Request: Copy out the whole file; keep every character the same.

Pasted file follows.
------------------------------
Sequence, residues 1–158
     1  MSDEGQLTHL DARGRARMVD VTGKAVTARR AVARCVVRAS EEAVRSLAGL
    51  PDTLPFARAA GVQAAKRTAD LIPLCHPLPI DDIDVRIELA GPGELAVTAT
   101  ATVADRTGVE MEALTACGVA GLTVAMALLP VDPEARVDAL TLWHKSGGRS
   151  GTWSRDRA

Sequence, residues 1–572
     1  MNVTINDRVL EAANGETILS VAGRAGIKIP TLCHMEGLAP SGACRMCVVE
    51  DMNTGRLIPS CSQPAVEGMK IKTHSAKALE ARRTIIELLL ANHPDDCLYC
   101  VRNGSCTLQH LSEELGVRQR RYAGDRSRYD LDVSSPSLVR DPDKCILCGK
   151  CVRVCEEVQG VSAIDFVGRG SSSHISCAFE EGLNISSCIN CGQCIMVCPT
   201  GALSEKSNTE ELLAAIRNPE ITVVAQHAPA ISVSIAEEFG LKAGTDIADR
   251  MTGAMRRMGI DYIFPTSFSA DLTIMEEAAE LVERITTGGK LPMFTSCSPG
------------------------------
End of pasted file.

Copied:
Sequence, residues 1–158
     1  MSDEGQLTHL DARGRARMVD VTGKAVTARR AVARCVVRAS EEAVRSLAGL
    51  PDTLPFARAA GVQAAKRTAD LIPLCHPLPI DDIDVRIELA GPGELAVTAT
   101  ATVADRTGVE MEALTACGVA GLTVAMALLP VDPEARVDAL TLWHKSGGRS
   151  GTWSRDRA

Sequence, residues 1–572
     1  MNVTINDRVL EAANGETILS VAGRAGIKIP TLCHMEGLAP SGACRMCVVE
    51  DMNTGRLIPS CSQPAVEGMK IKTHSAKALE ARRTIIELLL ANHPDDCLYC
   101  VRNGSCTLQH LSEELGVRQR RYAGDRSRYD LDVSSPSLVR DPDKCILCGK
   151  CVRVCEEVQG VSAIDFVGRG SSSHISCAFE EGLNISSCIN CGQCIMVCPT
   201  GALSEKSNTE ELLAAIRNPE ITVVAQHAPA ISVSIAEEFG LKAGTDIADR
   251  MTGAMRRMGI DYIFPTSFSA DLTIMEEAAE LVERITTGGK LPMFTSCSPG